Dying for Better Gas Mileage

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The Article

Are you dying to get a car with better gas mileage? You may soon be running that risk, all in the name of “energy security.”

This week President Bush announced his plan to reduce U.S. gasoline consumption by 20 percent over the next 10 years. Five percent of this reduction — 8.5 billion gallons per year — is to come from increased gas mileage requirements for new cars and light trucks, known as Corporate Average Fuel Economy standards.

Increasing CAFE standards sounds like a no-brainer. Just mandate new standards and, somehow, auto company wizards will find a way to meet them with new technology, right?

The unfortunate reality, however, is that the only practical way automakers can meet higher CAFE standards at present is by the rather low-tech method of reducing the weight of automobiles.

And lighter cars are deadlier cars.

The National Academy of Sciences concluded in 2001 that existing CAFE standards increased traffic deaths by 1,300 to 2,600 per year. A Harvard University/Brookings Institution study put the figure at between 2,200 and 3,900 deaths per year.

The National Highway Traffic Safety Administration has estimated that since CAFE was implemented, more than 46,000 traffic deaths would have been avoided if people had been driving heavier cars. Many tens of thousands more, of course, have been needlessly injured.

The NHTSA concluded in an October 2003 report that CAFE standards are even deadlier than the agency previously thought.

Every 100-pound reduction in the weight of small cars (those weighing 2,950 pounds or less), for example, increased annual traffic fatalities by as much as 715, according to NHTSA. For larger cars and light trucks, the agency estimated that each 100-pound reduction in weight would increase annual traffic fatalities by as much as 303 and 296, respectively.

“When two vehicles collide, the laws of physics favor the occupants of the heavier vehicle (momentum conservation). Furthermore, heavier vehicles were in most cases longer, wider and less fragile than light vehicles. In part because of this, they usually had greater crashworthiness, structural integrity and directional stability. They were less roll-over prone and easier for the average driver to control in a panic situation,” explained NHTSA.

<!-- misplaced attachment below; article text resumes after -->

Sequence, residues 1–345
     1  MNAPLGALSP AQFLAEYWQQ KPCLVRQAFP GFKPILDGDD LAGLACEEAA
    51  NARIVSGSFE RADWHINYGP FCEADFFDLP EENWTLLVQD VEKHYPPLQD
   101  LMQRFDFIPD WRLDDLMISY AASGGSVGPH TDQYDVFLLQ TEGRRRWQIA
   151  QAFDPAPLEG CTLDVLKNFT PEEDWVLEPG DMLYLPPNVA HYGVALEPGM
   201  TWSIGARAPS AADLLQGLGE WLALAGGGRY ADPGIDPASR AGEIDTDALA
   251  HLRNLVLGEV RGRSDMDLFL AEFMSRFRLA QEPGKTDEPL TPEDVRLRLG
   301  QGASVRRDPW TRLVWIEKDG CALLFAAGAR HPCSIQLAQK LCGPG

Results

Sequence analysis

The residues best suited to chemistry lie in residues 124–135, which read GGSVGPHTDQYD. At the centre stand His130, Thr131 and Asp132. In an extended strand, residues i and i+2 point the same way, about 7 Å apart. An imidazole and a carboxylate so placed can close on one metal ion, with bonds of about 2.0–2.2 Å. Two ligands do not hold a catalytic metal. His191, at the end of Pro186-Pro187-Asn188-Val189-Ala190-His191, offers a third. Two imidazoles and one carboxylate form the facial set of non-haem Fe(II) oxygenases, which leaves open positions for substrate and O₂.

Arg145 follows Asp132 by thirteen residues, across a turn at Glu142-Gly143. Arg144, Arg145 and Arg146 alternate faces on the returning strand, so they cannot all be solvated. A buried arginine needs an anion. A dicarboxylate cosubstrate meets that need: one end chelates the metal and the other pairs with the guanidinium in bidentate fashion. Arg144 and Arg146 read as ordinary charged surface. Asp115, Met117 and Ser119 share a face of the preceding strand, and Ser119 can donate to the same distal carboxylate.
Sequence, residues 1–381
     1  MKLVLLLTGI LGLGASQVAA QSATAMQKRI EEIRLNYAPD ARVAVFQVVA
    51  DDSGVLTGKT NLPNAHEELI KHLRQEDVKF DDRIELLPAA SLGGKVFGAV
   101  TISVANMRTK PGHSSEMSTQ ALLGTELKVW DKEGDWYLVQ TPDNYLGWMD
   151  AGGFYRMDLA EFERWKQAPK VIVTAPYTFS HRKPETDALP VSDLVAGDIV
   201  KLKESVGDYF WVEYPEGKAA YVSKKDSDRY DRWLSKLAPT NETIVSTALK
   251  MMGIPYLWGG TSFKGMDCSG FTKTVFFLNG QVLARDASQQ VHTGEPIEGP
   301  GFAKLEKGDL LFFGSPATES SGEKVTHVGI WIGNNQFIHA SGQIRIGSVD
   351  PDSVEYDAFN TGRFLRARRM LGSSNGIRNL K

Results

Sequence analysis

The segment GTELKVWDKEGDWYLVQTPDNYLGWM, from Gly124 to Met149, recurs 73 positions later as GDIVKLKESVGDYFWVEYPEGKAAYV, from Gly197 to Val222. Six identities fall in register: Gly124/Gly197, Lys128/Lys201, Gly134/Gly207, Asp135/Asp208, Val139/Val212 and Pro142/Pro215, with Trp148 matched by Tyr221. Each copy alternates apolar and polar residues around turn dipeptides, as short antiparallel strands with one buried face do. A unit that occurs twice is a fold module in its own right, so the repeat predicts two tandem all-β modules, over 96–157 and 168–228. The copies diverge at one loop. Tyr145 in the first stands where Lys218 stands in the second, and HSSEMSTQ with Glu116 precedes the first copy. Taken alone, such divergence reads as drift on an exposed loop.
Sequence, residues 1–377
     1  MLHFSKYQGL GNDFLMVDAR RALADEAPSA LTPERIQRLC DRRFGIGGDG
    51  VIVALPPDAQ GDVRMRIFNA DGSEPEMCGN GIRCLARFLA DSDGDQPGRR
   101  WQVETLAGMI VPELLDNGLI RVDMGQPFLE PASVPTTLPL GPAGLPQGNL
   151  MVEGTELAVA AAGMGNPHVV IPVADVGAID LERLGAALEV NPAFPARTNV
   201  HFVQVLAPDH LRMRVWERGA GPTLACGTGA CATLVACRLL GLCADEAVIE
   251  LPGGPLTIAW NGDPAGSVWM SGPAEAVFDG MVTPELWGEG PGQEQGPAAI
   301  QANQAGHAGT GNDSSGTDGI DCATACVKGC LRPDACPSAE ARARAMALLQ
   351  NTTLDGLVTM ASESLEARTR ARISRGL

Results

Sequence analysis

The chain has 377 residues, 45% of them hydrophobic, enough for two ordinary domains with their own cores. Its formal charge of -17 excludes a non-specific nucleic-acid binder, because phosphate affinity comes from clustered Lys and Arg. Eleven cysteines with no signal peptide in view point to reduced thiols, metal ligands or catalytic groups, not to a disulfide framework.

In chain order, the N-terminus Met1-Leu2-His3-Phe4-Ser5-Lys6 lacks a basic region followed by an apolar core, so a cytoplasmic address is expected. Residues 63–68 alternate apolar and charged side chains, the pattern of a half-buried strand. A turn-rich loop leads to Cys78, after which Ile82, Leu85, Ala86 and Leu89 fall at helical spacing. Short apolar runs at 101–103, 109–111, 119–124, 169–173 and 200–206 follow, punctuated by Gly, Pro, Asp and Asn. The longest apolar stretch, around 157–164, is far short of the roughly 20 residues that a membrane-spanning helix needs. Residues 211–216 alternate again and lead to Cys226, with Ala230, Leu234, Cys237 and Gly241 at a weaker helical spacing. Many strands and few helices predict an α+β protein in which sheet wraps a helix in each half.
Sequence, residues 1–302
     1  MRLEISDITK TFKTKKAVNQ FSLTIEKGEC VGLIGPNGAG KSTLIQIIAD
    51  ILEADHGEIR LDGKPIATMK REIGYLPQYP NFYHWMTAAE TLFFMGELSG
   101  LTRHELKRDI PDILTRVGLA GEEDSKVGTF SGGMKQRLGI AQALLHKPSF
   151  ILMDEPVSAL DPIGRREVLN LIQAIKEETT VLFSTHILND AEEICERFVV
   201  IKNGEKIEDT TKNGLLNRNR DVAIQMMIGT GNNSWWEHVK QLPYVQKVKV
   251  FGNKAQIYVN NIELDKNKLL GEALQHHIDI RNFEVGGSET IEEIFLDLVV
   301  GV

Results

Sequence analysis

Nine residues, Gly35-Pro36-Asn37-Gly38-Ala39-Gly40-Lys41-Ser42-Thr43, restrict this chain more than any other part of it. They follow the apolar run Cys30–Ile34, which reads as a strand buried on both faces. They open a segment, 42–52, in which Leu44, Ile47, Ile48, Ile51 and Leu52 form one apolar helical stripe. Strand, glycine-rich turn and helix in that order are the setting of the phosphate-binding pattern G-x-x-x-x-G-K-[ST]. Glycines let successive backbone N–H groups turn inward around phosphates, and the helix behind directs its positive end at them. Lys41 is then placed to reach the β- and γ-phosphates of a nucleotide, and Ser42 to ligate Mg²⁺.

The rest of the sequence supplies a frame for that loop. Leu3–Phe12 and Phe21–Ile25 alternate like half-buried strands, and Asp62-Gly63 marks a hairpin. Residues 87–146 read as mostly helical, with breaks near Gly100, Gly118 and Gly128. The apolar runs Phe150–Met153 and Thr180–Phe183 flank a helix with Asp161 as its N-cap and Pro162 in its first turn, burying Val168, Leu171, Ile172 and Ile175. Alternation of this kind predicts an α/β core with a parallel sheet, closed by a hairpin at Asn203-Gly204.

And just in case you’re thinking that air bags will save you or a loved one in a lighter, more fuel efficient car, you may need to reconsider depending on your height.

A study presented this week at the 2007 Society for Academic Emergency Medicine Annual meeting reported that air bags actually are harmful to short and tall people.

Dr. Craig Newgard, an assistant professor of emergency medicine at the Oregon Health and Science University, analyzed crash data for over 65,000 front-seat occupants and found that air bags, while effective for people of medium stature (5-foot-3 to 5-foot-11) were actually harmful to people shorter than 4-foot-11 and taller than 6-foot-3.

Despite CAFE’s acknowledged risks to life and limb, are these risks outweighed by any potential “energy security” or economic benefits?

In terms of energy security, it’s not at all clear how using 5 percent less gasoline would help protect the U.S. from global oil shocks. We import about 60 percent of our oil needs, 40 percent of which comes from OPEC members. Oil is a global commodity and prices are set in the global market.

About 50 percent of the known oil reserves are in the Middle East, a region that, as long as we use oil, will always have a major impact on the availability of and prices we pay for gasoline.

Given our growing economy and barring the development of stunning new automotive fuel technology, our oil import and consumption profiles are not likely to change any time soon. Energy security, at least in terms of imported oil, is a pipe dream.

And should we drive less-safe cars for a pipe dream?

President Bush’s plan is also folly in economic terms. What is the economic impact of a 5 percent reduction in gasoline use? Let’s generously assume for the sake of argument that CAFE standards reduce gasoline use and that lower demand for gasoline translates into a $1-per-gallon savings in gas prices, for a total annual savings on a national scale of $8.5 billion based on the president’s plan.

Sounds great, right? But when you balance that potential benefit against the 2,000 lives lost annually from the CAFE standards, it’s not such a bargain.

Putting aside the thousands of annual family and personal tragedies caused by CAFE, at $5 million per life — that’s the value the U.S. government puts on our lives when it comes to environmental protection — CAFE’s cost is $10 billion in lost lives. And that figure doesn’t include CAFE-caused health care costs and lost income due to non-fatal traffic injuries.

The bottom line is that CAFE standards endanger lives without providing commensurate benefits to individuals or to the nation. Improved gas mileage is a fine goal, but let’s figure out a less lethal way of achieving it.

Steven Milloy
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